thing though I would need a serious belt sander and hours of toil.

Does anyone know if these things are worth anythng? Id spend the time
if i could turn a profit. I saw similar things for sale on the net for
$800-900 new.

Do you reckon I can clean it thoroughly with mineral spirit/paint
thinner?

  #6  
Old December 30th 05, 08:18 AM posted to rec.woodworking
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Default Need help fixing up a large butcher block table

doityourself (in
) said:

| I dont know why they tossed it.. this is new york city, people throw
| valuable stuff out here all the time, in fact i make a few bucks
| every now and again picking this stuff up, fixing it and re-selling
| it on craigslist. My guess is that some restaurant/deli went out of
| business and left it behind. The good news is it doesnt smell.

Good news indeed! Still, I think I'd be leery of using it as is in
/my/ kitchen.
|
| youre right about needing to level it for a game table. To level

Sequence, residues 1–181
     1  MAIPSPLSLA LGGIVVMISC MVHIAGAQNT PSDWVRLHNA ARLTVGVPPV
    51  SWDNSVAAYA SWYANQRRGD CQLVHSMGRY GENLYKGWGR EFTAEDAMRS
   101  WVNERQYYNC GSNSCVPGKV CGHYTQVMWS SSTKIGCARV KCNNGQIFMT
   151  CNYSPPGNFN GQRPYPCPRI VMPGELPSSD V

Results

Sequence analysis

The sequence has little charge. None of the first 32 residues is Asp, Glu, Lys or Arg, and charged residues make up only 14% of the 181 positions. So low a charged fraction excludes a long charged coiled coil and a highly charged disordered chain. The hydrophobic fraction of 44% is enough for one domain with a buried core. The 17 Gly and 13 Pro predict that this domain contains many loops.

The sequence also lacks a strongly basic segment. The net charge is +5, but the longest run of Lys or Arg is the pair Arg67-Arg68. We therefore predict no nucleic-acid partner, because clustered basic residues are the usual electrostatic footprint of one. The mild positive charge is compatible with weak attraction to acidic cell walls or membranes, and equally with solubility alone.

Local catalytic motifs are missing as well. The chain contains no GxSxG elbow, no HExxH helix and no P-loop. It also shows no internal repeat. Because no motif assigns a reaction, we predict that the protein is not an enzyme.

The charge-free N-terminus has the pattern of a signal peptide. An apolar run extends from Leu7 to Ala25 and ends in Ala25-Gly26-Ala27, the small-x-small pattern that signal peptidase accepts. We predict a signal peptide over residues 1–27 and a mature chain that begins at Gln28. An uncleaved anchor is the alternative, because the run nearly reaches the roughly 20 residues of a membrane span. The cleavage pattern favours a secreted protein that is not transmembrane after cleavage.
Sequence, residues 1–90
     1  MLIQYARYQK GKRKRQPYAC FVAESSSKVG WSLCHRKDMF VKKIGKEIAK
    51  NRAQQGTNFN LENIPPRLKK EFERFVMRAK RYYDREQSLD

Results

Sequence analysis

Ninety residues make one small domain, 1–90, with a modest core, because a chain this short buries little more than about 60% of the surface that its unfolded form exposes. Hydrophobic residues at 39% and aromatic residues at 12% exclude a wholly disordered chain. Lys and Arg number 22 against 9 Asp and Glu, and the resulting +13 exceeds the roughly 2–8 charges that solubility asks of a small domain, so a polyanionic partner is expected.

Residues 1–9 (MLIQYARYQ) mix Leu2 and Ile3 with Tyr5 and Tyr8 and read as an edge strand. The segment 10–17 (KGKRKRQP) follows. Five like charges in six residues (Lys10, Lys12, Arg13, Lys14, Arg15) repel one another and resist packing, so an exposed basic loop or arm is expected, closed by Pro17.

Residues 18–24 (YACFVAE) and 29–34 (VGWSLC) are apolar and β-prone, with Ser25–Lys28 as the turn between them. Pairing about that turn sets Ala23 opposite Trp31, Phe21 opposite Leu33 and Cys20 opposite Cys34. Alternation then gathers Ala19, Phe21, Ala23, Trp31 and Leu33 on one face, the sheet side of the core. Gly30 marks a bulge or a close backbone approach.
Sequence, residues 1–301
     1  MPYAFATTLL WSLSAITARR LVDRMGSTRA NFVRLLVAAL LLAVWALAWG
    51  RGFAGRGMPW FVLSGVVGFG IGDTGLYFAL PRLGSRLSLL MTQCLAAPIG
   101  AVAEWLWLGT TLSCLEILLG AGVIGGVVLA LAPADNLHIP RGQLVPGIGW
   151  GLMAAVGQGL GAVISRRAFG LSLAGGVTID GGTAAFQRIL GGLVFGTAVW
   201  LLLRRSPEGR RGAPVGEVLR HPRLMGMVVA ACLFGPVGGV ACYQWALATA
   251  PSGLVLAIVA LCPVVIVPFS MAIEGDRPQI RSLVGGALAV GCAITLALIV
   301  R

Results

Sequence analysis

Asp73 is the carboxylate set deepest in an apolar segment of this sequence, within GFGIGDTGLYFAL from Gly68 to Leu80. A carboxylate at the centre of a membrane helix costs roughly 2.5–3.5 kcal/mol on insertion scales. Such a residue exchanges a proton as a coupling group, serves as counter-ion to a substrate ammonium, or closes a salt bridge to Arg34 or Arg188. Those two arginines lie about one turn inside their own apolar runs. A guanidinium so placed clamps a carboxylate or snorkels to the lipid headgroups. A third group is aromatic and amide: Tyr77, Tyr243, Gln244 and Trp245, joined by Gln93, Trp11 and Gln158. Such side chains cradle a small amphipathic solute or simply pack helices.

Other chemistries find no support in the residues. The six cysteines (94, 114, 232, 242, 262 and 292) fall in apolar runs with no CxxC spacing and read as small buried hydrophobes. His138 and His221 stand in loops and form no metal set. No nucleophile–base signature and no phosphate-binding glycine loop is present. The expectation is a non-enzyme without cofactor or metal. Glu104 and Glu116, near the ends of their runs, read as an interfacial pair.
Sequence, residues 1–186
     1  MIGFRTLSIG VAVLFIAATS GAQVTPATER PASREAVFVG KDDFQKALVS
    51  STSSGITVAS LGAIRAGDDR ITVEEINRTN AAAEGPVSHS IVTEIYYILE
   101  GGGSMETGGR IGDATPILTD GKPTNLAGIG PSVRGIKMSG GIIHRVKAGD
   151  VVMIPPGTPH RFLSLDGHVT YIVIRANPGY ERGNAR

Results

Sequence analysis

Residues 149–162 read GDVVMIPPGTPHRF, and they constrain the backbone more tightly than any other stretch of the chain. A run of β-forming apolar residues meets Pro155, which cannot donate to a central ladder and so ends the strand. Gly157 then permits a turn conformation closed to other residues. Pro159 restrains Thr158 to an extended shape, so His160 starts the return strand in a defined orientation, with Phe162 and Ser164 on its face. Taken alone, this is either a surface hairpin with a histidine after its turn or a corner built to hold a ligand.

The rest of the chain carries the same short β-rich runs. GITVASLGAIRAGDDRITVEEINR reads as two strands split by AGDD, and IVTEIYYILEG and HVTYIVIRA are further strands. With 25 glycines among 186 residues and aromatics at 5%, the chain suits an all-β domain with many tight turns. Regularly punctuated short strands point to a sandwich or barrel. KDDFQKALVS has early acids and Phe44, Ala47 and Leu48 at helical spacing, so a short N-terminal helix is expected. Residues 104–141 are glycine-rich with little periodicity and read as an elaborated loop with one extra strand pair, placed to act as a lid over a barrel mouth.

| this thing though I would need a serious belt sander and hours of
| toil.

Wrong tool, I think. It'd be easy to build a jig to mill the top down
with a router - probably about a 15-20 minute job with a 1/2" straight
bit (less with something like a dish bit).

| Does anyone know if these things are worth anythng? Id spend the
| time if i could turn a profit. I saw similar things for sale on the
| net for $800-900 new.

They're worth whatever someone is willing to pay. Got a good sales
pitch ready?

| Do you reckon I can clean it thoroughly with mineral spirit/paint
| thinner?

It's probable that the stains have penetrated to a significant depth,
solvents might remove grease and oils from the surface; but I doubt
they'd do much more than that.

--
Morris Dovey
DeSoto Solar